Guest post by Natasha Taylor, a recent graduate of Delaware State University who sits on the Youth Leadership Board of GripTape. Natasha completed her Bachelor’s of Arts in Mass Communication within three years.
GripTape is an organization that lets go. We let go of the common notion that young people are only capable of certain things. We let go of the fear that young people may not care. Working with an organization that has so much faith in young people, such as myself, has given me so much hope.
More than two years ago, I was asked if I wanted to help create the framework for a nonprofit. I was a freshman in college who was taking Biology and Chemistry in the same semester, so no, I didn’t. But when I learned that it was going to be a nonprofit that would give young people more say in their education, I reluctantly agreed. It was one of the best decisions I have made so far. Since then, I have been a member of GripTape’s Youth Leadership Board. The number of projects we have overseen, operations we have handled and documents we have created is unreal. The ideas that our Youth Leadership Board comes up with are the ones that get implemented. We are the ones who make the decisions. Youth leading youth.
Shaping the Future of American Public Education: What’s Next for Changemakers?© looks at key questions about the impacts of our collective efforts to improve American public education. This infographic illustrates the four scenarios from that paper and offers strategic considerations for discussion.
As much as this may sound like a dream (and it is), a great deal of hard work and organization goes into what we do. We have constructed our own framework for youth agency, and we bring it to life with our program that awards young people up to $500 to pursue any type of learning. Hundreds of young people have engaged in learning challenges since we first came together. Every now and then, we even represent GripTape at conferences around the country. All of this gets done with careful planning, genuine transparency and fearlessness. My advice to any young person or adult who wishes to do something similar to us: have no fear. If you truly believe in what youth are capable of, you should be comfortable in letting us take the reins.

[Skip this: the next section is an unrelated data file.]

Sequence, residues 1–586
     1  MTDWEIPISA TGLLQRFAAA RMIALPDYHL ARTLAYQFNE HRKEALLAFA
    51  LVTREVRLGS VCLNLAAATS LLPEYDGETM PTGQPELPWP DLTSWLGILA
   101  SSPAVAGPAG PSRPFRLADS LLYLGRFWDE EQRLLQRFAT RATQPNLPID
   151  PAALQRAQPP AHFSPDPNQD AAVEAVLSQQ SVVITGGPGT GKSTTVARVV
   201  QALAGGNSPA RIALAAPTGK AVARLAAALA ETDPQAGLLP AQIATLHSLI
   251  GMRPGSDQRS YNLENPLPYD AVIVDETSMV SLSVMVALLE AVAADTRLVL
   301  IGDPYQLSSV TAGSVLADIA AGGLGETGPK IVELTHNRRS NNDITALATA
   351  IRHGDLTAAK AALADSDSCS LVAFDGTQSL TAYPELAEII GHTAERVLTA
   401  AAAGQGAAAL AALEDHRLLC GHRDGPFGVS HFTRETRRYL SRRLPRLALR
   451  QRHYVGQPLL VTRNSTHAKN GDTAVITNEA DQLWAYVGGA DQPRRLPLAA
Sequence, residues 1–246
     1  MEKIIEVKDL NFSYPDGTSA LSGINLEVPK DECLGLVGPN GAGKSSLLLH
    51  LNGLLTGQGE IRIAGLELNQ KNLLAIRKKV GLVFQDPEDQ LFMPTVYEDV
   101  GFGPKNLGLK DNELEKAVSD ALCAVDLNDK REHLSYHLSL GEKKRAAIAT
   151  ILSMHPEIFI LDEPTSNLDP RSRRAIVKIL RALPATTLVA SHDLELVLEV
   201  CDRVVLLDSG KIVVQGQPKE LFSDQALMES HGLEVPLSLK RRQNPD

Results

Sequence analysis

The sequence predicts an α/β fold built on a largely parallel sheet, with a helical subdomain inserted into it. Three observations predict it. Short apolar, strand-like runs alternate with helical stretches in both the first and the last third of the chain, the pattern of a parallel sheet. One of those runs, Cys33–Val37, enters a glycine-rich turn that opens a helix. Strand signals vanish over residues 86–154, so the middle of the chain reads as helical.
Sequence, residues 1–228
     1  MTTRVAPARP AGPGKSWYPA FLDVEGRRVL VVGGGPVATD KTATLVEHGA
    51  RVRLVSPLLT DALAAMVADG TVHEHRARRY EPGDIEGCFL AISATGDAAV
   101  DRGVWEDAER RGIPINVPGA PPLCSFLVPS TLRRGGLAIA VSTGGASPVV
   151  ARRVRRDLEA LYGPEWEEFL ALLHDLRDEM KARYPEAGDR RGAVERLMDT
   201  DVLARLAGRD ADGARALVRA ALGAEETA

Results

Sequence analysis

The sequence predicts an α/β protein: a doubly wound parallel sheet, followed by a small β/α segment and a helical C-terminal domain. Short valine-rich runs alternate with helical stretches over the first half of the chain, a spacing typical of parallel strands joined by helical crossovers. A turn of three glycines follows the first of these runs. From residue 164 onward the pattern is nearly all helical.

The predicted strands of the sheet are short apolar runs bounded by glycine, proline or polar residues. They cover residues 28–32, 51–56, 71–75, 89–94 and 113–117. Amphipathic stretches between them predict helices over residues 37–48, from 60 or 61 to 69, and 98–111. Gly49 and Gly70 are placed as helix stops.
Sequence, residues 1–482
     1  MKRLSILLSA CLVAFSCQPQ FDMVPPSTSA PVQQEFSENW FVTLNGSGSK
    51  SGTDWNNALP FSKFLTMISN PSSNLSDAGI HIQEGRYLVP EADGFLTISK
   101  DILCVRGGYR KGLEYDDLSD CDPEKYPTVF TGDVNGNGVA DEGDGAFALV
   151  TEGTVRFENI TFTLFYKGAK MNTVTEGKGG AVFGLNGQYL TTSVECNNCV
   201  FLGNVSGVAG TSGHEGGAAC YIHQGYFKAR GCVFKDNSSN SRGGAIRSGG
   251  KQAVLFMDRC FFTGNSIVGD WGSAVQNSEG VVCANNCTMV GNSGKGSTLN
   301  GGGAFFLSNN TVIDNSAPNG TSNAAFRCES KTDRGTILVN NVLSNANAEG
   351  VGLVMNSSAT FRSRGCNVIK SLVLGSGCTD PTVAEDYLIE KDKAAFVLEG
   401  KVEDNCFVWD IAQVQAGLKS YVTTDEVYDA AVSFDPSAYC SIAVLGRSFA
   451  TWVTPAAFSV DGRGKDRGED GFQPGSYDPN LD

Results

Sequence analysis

With the work that we and others who prioritize youth leadership do, education can be transformed. Just imagine: instead of standardized tests with kids sitting in rows with their faces stuffed in front of computers, kids could be working on projects where they figure out how they want their robot to operate. They could be figuring out what forms of artwork they want to explore next. They could be studying inclusive American history. Essentially, the goal is for young people to have a say in what they’re spending seven-plus hours a day studying. For the sake of the young people who will come after us, it is key that our voices be heard. Education regulated solely by adults who have been removed from the experience for decades is not the answer. How can adults truly know what is best for youth without having some form of bias?
GripTape is already on the path towards making purposeful and intentional change. With the help of our founders and funders, we will help put youth in the driver’s seat of their learning. Consistent support and faith in youth agency is what we have to offer. With that, we will transform education.
Shaping the Future of American Public Education: What’s Next for Changemakers?© explores four possible scenarios of education changemaking and raises strategic considerations for education changemakers and other stakeholders to explore as they navigate the myriad ways they or others might seek to influence American public education.